Out-Law Analysis | 28 May 2013 | 8:00 am | 2 min. read
Competition is fiercer than ever for arbitration business. London, Paris, New York and Switzerland have long battled it out and now seats such as Singapore and Stockholm are making strong cases for organisations to specify in their international contracts that those places will be the seat of arbitration for settling disputes.
Paris has traditionally been a seat for international arbitrations, a situation helped by the fact that the International Court of Arbitration of the International Chamber of Commerce (ICC) has been located there since its creation in 1923. French arbitration law has historically been very supportive of arbitration and the 2011 reform confirmed France's clear intention to promote the development of Paris as a centre for the resolution of international disputes.
In April, Paris has gone a step further and launched the Paris Arbitration Rules (the Rules), a new set of rules designed to help organisations to structure ad hoc arbitration. The Rules will compete with the commonly used United Nations Commission on International Trade Law (UNICITRAL) Arbitration Rules. For more information on ad hoc versus institutional arbitration see Out-Law's guide to the two processes.
The Rules mostly achieve their aim of improving the efficiency of ad hoc arbitration, but there is an aspect of them that organisations should check carefully before opting for those Rules: the potential treatment of witnesses.
In order to achieve maximum efficiency, the Rules give very wide powers to the arbitrators and go as far as giving the tribunal a discretion to refuse or limit witness or expert appearances.
This means that the parties are giving up some of their freedom of choice before the dispute commences, in circumstances where it will often be difficult for the parties to agree on opting out of the Rules on specific issues when the contract is negotiated in the first place. Once the dispute has started, it may not be possible to opt out of this power given to the arbitrators to limit witness involvement. This may not be an appropriate choice for all types disputes or parties – especially for parties from jurisdictions or business sectors where it is felt that oral witness evidence is key to the arbitration process.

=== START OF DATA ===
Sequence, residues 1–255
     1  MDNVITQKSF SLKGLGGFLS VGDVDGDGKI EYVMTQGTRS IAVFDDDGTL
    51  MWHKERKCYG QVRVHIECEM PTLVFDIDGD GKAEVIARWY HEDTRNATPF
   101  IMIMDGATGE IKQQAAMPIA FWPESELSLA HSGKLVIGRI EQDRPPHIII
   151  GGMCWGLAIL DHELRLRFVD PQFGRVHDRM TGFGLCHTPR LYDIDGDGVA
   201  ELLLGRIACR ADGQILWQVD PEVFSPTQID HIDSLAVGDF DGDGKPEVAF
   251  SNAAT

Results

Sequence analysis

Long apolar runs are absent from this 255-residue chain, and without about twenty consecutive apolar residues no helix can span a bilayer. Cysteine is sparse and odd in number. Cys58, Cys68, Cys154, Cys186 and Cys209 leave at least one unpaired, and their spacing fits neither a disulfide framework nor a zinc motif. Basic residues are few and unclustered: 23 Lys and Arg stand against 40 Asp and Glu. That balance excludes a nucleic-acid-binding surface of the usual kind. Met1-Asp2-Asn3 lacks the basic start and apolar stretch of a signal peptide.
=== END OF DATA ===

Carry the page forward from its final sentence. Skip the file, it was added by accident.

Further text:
For organisations for whom witness testimony is less likely to be vital and who are comfortable with the choice of Paris as a seat for their arbitration, the Rules have much to offer.
They impose strict time limits on the arbitration process. The parties and the arbitrator must make every effort to enable an award to be rendered within 18 months from either the date of the first hearing or the date on which all members of the Tribunal accept their mandate as arbitrators, whichever is the later. In addition, the award must be rendered within three months from the date of the last procedural step in the calendar.
There are detailed provisions for the appointment of an interim arbitrator, and an innovative requirement in the Rules that submissions be "as concise and focused as possible". This is a useful incentive to conduct the arbitration as quickly and cost-effectively as possible, especially as compliance with this can be taken into account for the allocation of costs.
These new approaches could make the Rules more efficient than the UNCITRAL rules, in particular when dealing with emergency situations. They will be a very appealing alternative for arbitrations with a seat in Paris.
However, in jurisdictions where local courts are unfamiliar with international arbitration, awards are often not enforced until all legal processes have been exhausted. The Paris Appeal process can take four years to complete. In many cases this will make Paris unattractive as an arbitral seat, even with its excellent new arbitration rules.
Mark Roe is an international arbitration specialist at Pinsent Masons, the law firm behind Out-Law.com